Think Thank Thunk’s Rules For PowerPoint Awesomeness

I’m not sure why, but I’ve been morally opposed to PowerPoint for most of my life. I think it had to do with a terrifying experience I had as a boy scout. I was earning future-corporate-whore merit badge, and the endurance test was to watch a crowded PowerPoint presentation for longer than any of my peers could stand. I won, but at what cost to my humanity?

So, I’ve recently embraced Keynote as my way of sticking it to the Man while still getting to do all of the cool things the Man does on the weekends. That, and I would get too excited, off track, and otherwise pumped about storytelling, that I would often forget crucially important administrative announcements during class (read: Cornally is not a good teacher)

Here is my presenter’s modus operandi: (Mostly shamelessly stolen from other blogs and better presenters)

1.  Font Size > 30pt. No exceptions.

Seriously. I’ll find you.

2. Paragraphs are for writing. Presentations are not writing.

People can read faster than you can talk. Don’t let them read.

3. A picture is worth 1,000 6.022 x 1023 words.

That’s exactly one mole of words. Which, in their gaseous form, would take up about 22.4 L, consequently the amount of mustard gas your audience will want, if you forget pictures.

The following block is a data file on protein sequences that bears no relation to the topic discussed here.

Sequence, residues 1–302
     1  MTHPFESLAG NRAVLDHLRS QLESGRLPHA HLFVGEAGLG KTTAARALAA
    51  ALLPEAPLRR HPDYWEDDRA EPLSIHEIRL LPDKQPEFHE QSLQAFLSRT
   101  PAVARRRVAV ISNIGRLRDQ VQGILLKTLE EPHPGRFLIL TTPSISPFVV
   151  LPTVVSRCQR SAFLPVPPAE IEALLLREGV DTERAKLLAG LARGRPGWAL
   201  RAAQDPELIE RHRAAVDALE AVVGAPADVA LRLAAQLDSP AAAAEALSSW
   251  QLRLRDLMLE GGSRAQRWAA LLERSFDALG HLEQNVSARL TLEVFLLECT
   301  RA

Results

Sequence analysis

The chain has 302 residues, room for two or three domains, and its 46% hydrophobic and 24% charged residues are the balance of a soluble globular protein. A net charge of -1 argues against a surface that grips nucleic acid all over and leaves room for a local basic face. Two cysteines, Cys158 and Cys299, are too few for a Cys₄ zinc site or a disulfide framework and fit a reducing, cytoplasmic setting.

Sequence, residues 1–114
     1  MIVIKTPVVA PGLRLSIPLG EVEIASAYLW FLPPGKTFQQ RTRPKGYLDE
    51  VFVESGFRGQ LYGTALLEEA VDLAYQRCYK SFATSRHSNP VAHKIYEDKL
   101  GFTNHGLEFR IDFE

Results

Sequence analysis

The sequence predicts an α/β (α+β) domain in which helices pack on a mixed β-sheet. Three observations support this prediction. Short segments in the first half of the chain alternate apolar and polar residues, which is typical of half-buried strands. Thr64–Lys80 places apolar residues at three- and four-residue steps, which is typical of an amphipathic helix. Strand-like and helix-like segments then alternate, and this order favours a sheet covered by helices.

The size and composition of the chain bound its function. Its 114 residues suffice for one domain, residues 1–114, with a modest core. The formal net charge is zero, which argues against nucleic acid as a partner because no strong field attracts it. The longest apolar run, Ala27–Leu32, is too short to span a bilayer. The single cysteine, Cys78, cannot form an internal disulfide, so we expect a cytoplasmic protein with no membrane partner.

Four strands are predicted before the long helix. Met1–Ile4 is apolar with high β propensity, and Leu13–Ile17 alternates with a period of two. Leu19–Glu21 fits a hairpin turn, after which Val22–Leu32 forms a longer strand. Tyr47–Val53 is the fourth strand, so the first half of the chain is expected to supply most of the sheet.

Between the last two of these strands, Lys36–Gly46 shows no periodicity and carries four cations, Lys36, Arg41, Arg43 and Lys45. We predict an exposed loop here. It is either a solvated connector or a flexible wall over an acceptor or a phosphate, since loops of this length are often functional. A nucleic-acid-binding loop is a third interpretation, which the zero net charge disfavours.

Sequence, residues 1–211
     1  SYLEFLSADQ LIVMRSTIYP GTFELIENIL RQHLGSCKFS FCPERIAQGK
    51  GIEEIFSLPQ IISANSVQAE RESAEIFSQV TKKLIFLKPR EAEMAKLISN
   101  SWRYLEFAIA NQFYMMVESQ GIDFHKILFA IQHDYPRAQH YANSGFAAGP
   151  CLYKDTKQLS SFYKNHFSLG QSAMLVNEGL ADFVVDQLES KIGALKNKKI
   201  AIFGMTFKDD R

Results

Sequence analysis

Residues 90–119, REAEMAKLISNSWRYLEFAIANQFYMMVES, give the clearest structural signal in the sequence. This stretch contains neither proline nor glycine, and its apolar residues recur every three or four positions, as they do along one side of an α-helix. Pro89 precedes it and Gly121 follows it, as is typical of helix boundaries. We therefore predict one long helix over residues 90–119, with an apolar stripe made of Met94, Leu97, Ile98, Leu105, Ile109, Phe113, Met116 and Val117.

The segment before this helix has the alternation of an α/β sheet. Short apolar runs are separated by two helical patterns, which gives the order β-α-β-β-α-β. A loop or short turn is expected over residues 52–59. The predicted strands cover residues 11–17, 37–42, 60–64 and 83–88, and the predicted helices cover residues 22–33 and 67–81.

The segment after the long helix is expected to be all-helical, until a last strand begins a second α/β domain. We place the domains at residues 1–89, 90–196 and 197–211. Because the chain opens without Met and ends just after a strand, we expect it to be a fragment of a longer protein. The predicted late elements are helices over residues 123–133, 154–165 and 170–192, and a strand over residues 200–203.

4. Slides should make almost no sense without the accompanying speaker’s audio and/or video.

In other words, is your blabbing really necessary? I should hope so.

5. Transitions & Builds are cheap parlor tricks.

No one has actually come to your presentation with a quarter in their ear. They are not going to find anything enjoyable after the 3rd time some text box takes 2 entire seconds to materialize as if an alien was beaming it down onto your slide. Stop it, for the kids.

6. Do not pretend that your audience will tolerate bad layout.

There are a few elementary rules for layout that make the human eye love looking at it. The rule of thirds, golden ratio, gestalt principles, etc . . .

7. Minimalism

We’re talking early-Philip-Glass minimalism people.

As a Teacher:

I try to model these principles during direct instruction, which is only one of a slew of techniques good enough for teaching our youth. I spend about 20% of my total class time with my students in direct instruction. Which means 80% is split between inquiry, students teaching each other, assessment, and whatever else.

When my students present their findings to me, I want that time to be as instructional as possible, and nothing kills that faster than a shabby PowerPoint presentation.

So, model I must. Hey, maybe my modeling career would take off, if only I had Kate’s skin.